An experimental investigation into the electromagnetic compatibility aspects of high frequency power line communications
Power line communications technology, long established for low data rate
applications, is now charting new territory with respect to data rates and provided
services. This can only be achieved by increasing PLC operating frequencies from
the low frequency band (below 148.5 kHz) to the high frequency band (1 MHz and
upwards). There is now only one technical barrier to widespread deployment -
Existing low voltage power networks are optimised for the safe supply of electrical
energy. Low voltage cables are often pseudo co-axial in their cross section, but
when high frequency signals are coupled onto the network, part of the signal will be
radiated. There is therefore a potential for interference to be caused to legitimate
users of the radio spectrum.
This thesis, and the experimental program underlying it, seeks to quantify potential
problems and to propose mechanisms by which they could be mitigated to the extent
that wide scale deployment of PLC networks becomes possible.
The first part of the thesis offers a detailed introduction to the topics of electricity
supply networks, power line communications, modulation techniques and
electromagnetic compatibility. Existing EMC standards are examined and although
some do not directly cover power line communications networks, key principals are
drawn for later use in standards development.
The thesis then seeks to examine the mechanisms by which high frequency
interference might be caused. Radio propagation modes are discussed and a clear
technical distinction is drawn between localised interference from a single PLC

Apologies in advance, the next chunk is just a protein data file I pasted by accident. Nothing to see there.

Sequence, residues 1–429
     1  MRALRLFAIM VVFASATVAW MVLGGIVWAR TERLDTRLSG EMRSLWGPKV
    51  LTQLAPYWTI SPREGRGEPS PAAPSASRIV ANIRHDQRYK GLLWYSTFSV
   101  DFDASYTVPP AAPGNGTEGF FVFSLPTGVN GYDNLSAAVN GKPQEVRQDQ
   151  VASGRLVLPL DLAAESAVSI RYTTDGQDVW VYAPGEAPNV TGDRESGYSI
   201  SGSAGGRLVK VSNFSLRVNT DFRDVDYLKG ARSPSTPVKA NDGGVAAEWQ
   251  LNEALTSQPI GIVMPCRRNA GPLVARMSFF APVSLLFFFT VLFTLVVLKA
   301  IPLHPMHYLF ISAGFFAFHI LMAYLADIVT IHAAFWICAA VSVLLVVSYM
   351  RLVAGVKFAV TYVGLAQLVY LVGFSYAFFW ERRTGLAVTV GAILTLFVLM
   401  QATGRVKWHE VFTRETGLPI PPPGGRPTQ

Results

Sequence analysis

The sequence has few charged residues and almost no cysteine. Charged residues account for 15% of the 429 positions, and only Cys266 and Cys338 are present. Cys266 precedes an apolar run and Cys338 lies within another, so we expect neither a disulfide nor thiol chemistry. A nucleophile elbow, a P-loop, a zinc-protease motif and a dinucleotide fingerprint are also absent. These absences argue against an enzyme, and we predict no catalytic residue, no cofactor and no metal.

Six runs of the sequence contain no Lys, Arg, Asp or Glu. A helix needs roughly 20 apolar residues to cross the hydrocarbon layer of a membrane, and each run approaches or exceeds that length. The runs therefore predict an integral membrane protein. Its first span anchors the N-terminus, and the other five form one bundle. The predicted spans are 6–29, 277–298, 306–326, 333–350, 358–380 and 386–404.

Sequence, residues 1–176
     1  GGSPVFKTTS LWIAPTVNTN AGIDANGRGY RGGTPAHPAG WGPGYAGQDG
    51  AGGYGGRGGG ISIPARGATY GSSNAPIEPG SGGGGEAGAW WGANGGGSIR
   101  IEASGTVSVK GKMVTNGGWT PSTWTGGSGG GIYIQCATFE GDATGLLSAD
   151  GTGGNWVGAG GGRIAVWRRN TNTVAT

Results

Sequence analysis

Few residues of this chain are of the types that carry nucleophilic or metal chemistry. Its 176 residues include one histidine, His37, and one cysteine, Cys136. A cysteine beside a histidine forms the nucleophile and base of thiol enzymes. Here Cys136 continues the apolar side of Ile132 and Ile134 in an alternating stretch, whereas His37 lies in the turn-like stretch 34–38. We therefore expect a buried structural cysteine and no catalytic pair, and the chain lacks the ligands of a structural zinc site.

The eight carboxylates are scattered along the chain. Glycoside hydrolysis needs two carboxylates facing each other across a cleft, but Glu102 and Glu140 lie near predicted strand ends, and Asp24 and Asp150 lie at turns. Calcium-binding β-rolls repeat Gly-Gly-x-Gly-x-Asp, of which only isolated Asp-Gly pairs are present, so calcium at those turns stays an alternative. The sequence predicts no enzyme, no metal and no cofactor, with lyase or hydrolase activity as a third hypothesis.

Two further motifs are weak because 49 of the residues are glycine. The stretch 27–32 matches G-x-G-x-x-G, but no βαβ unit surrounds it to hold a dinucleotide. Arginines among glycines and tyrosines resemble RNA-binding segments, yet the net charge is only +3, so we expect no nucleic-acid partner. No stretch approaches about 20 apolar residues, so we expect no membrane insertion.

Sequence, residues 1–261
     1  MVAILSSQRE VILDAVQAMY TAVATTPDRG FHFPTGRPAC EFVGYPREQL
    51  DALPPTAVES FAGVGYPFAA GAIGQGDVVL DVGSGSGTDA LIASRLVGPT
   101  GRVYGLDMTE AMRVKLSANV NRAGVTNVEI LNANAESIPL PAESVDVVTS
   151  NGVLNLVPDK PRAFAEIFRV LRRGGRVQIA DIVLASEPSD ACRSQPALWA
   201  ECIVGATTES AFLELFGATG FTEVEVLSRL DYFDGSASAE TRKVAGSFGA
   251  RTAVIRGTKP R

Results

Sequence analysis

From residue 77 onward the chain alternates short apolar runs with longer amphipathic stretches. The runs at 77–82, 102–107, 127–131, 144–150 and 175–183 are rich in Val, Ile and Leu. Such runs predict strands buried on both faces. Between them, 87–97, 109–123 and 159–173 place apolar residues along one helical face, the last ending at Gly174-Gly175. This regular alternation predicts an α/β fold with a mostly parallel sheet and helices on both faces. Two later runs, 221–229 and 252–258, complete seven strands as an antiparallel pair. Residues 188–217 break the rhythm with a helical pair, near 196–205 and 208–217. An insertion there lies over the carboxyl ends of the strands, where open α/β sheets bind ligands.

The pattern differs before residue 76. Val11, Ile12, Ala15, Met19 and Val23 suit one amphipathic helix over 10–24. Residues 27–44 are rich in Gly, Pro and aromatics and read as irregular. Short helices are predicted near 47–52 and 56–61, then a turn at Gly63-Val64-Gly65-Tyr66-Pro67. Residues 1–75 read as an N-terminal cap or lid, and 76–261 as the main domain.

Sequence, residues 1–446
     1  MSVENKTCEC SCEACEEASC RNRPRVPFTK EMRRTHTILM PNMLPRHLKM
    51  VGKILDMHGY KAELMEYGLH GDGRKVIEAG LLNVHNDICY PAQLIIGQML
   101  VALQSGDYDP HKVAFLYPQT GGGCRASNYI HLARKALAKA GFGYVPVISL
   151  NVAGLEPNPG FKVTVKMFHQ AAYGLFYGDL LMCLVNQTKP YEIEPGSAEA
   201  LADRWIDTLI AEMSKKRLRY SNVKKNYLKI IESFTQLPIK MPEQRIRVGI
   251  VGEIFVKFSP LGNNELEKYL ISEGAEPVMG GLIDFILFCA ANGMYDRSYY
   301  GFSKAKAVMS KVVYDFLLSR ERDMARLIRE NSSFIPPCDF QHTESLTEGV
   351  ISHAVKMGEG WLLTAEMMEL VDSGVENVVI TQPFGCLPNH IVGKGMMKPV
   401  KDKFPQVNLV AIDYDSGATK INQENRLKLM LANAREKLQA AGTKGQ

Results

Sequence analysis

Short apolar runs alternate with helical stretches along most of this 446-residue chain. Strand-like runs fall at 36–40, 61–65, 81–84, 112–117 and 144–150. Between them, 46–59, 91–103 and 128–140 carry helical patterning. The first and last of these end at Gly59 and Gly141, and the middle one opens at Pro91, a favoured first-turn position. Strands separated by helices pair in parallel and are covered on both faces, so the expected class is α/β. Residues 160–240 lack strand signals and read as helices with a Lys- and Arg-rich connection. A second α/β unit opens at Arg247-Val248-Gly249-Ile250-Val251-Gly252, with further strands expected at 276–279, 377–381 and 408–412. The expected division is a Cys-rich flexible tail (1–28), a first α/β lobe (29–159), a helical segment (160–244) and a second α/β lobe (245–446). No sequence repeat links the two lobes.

network to an individual radio user, and cumulative interference from wide spread
deployment of PLC systems. Both such scenarios are examined in detail.
The experimental program IS described quantifying radiated signal strength
regression from a number of power networks and at a number of operating
frequencies within the high frequency band. In this context, signal strength
regression is the rate at which electrical field strength reduces with increasing
The experimental setup uses a conventional signal generator to supply single test
frequencies of known power spectral density, which are coupled onto a power
network. The subsequent radiated signal is received via a conventional antenna and
radio receiver at a number of locations surrounding the power network at known
distances, and signal regression is derived. The experiment was repeated for a
number of different frequencies and at representative urban, suburban and rural
locations. Indeed, the experimental technique was evolved over a number of months
to allow increased portability of the signal receiving equipment, and hence the
number of measurements that could be taken.
From the experimental results, presented both In tabular and graphical format, a
number of conclusions can be drawn.
Firstly, based on these results, antenna factors in the order of 85 dB/m can be
expected of power line communication networks. It can be concluded that the field
strength regression to be anticipated from PLC networks is likely to be significantly
below the -20 dB per decade 'free space' regression figure that has often been used
in interference models. In fact a regression figure of -35 dB/decade IS more
representative of ground wave propagated interference from PLC networks.
It is also possible to conclude that the adoption of orthogonal frequency division
multiplexing as a multi-carrier spectral technique offers specific advantages in EMC
terms. Due to its nature, it is possible to apply a frequency 'mask' to an OFDM
based PLC system. Such a mask might be static, applied on a national or regional
basis in order to guarantee non-interference with specific frequencies, for example
those used for emergency radio channels. It would also be possible to add a
dynamic frequency mask, controllable on each PLC system, to mitigate interference
with radio services operating within the PLC operating band.